In light of these allegations, Plaintiff requests “equitable and other relief” based on his “specified property interest in the original contract, ‘The Constitution of the United States of America'” (Dkt. #25 at 1). Plaintiff asserts the following causes of action as a basis for this relief: (1) “Misappropriation of Chattel Property (Common law crime)”; (2) “Acquisition and Maintenance of an Interest in and Control of an Enterprise Engaged in a Pattern of Racketeering Activity: 18 U.S.C. §§ 1961(5), 1962(b)”; (3) “Conduct and Participation in a RICO Enterprise through a Pattern of Racketeering Activity: 18 U.S.C. §§ 1961(5), 1962(c)”; (4) “Conspiracy to Engage in a Pattern of Racketeering Activity: 18 U.S.C. §§ 1961(5), 1962(d)”; (5) “Fifth Amendment Violation (Bivens v. VI Unknown Agents of Federal Bureau of Narcotics)”; and (6) “First Amendment Violation (Bivens v. VI Unknown Agents of Federal Bureau of Narcotics)” (Dkt. #25 at 56-64).

         Plaintiff has previously asserted many of these claims before the Court. See Eastern District of Texas Case No. 4:14-cv-466 (hereinafter the “Original Federal Suit”). Indeed, as the Magistrate Judge made clear, the bulk of Plaintiff's claims in the instant suit grow out of the same circumstances underlying the Original Federal Suit; it appears “Plaintiff merely names new Defendants in this lawsuit and further engrafts charges of a vast conspiracy to explain the outcome of those events” (Dkt. #30 at 8). As such, the Magistrate Judge entered a report and recommendation on April 21, 2017, recommending that each and every one of Plaintiff's claims against each and every one of Defendants be dismissed with prejudice under 28 U.S.C. § 1915(e) (Dkt. #30). Plaintiff timely filed objections on May 8, 2017 (Dkt. #31), which the Court now considers.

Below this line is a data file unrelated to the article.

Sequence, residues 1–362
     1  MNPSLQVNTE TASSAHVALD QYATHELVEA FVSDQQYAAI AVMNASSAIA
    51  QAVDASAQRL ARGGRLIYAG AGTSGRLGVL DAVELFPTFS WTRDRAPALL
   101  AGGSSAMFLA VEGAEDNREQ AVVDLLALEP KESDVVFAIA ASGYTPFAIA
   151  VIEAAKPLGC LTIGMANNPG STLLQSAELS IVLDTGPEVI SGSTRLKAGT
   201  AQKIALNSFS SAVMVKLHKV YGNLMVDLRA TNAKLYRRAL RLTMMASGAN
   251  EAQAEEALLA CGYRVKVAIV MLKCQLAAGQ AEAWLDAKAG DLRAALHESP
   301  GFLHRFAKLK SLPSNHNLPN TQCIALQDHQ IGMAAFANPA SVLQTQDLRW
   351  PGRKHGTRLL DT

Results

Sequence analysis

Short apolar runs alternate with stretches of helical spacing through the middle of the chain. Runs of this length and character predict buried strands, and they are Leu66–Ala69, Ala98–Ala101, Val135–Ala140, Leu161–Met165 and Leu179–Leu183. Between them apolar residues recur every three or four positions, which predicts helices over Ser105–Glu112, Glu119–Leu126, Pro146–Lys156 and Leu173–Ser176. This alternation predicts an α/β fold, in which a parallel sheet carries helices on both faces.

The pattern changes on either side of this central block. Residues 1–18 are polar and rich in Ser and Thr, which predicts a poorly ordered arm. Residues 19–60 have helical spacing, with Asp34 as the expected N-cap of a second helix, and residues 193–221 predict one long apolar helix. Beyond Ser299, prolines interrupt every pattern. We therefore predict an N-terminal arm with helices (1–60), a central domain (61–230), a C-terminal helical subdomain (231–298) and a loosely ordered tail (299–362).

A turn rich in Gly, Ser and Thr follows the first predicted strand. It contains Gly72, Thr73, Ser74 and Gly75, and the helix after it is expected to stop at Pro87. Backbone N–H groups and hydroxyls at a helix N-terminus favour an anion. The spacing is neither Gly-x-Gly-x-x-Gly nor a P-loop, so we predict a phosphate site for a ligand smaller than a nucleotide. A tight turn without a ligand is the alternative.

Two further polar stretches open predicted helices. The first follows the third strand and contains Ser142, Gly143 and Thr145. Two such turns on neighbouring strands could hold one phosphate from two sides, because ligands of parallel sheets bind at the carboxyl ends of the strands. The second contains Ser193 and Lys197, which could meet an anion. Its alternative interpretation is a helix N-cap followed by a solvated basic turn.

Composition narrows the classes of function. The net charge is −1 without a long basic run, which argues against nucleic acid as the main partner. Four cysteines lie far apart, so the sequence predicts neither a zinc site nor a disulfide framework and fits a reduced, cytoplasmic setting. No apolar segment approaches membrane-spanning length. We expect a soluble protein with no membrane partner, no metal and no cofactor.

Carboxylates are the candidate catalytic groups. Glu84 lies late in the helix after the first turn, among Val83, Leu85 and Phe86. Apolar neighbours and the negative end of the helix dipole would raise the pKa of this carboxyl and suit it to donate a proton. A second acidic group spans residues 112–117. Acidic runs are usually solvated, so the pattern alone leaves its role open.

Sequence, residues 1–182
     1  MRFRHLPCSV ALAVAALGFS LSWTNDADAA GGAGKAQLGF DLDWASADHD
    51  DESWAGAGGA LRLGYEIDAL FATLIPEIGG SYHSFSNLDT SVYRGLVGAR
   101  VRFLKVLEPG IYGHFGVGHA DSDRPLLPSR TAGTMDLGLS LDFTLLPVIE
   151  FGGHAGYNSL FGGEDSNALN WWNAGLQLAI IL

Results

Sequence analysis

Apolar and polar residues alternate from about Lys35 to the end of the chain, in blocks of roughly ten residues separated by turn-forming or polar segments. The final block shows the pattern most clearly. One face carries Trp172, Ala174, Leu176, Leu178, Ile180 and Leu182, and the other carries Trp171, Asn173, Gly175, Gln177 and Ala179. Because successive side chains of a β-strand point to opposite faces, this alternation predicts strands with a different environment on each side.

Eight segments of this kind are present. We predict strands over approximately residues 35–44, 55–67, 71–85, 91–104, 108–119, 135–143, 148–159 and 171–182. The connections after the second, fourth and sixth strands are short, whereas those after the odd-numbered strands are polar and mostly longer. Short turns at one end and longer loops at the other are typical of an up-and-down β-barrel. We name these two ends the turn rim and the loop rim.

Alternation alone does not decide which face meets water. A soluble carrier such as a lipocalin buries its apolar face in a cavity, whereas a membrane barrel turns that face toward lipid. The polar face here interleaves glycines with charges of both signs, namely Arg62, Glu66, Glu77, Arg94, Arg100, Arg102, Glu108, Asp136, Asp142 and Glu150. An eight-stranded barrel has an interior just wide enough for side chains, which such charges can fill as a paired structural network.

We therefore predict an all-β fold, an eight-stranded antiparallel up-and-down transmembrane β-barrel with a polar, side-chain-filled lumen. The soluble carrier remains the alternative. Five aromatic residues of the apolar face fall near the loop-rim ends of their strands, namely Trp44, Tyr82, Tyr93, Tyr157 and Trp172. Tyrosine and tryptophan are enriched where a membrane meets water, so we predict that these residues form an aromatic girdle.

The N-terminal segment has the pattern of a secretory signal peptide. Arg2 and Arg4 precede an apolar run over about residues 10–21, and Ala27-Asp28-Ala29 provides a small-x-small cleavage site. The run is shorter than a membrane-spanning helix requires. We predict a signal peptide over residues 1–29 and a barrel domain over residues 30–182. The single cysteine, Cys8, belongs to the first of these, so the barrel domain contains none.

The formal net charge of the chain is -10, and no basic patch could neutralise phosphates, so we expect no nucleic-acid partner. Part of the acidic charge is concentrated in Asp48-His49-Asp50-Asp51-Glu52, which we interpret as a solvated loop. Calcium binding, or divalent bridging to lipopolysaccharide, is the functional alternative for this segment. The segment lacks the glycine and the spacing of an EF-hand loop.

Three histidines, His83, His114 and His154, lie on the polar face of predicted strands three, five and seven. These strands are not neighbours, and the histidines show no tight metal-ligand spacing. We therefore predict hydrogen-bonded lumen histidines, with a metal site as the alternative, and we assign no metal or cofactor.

A party who files timely written objections to a magistrate judge's report and recommendation is entitled to a de novo review of those findings or recommendations to which the party specifically objects. 28 U.S.C. § 636(b)(1)(C); Fed.R.Civ.P. 72(b)(2)-(3). Plaintiff's objections are largely duplicative and repetitive of each other; after reviewing Plaintiff's filing, the Court discerns Plaintiff objects as follows to the Magistrate Judge's report and recommendation: (1) the Magistrate Judge improperly found that Plaintiff's claims relate to his eviction from Philip's home rather than to his state criminal proceedings; and (2) the Magistrate Judge erroneously recommended dismissal with prejudice of Plaintiff's claims for frivolousness.

         Objection:Characterization of Plaintiff's Claims